Decline in Shipping Volumes Could Trigger Freight Recession

Freight rates rose another 2.9 percent in April, according to the latest Cass Freight Index report, as the cost of global logistics continues to rise.

Year-over-year, rates were up 31.3 percent compared to April 2021. While still a significant jump, that was a slightly smaller increase than the 32 percent year-over-year rise in March. However, Cass notes there is reason to be optimistic that rate increases will decelerate in the coming months. Spot rates, which are short-term pricing that reflect the real-time supply and demand for freight, have fallen, indicating that the rest of the market could follow. Further, driver availability has improved while freight demand has slowed. “This is a deflationary combination, though it will take several months to filter the spot market into contract rates,” Cass Information Systems said.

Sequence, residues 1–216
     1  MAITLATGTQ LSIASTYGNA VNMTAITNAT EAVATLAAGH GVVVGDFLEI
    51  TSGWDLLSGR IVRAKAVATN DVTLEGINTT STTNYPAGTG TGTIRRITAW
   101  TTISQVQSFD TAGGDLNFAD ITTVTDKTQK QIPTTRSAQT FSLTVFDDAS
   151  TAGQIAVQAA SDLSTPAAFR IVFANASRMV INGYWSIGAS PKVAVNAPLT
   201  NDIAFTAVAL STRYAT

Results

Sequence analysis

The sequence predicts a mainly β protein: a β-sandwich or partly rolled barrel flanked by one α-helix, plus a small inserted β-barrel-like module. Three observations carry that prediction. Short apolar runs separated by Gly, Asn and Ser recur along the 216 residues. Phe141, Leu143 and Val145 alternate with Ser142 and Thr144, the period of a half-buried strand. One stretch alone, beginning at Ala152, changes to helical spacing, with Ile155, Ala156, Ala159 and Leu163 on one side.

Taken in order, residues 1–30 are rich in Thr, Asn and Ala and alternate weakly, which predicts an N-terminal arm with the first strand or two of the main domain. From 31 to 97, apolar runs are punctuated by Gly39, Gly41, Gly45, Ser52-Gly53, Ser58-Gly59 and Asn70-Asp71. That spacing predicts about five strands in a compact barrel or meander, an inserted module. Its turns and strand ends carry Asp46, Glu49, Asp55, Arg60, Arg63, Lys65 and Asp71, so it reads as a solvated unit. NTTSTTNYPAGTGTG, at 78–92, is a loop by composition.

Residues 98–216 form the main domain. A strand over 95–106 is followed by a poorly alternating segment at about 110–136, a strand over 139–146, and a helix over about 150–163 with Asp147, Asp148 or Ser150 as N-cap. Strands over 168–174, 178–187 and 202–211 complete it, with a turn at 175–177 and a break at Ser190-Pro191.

As a result, the information company now expects overall freight increases for 2022 to be lower than the 23 percent seen in 2021.

The shipments component of the index fell 0.5 percent year-over-year in April, down from a 0.6 increase in March. The trend was even more noticeable on a month-to-month basis, falling 2.6 percent. Cass explained that this month-to-month decrease was 0.9 percent below the normal seasonal pattern, and that the possibility of a freight recession is now “considerable” as inflation slows spending.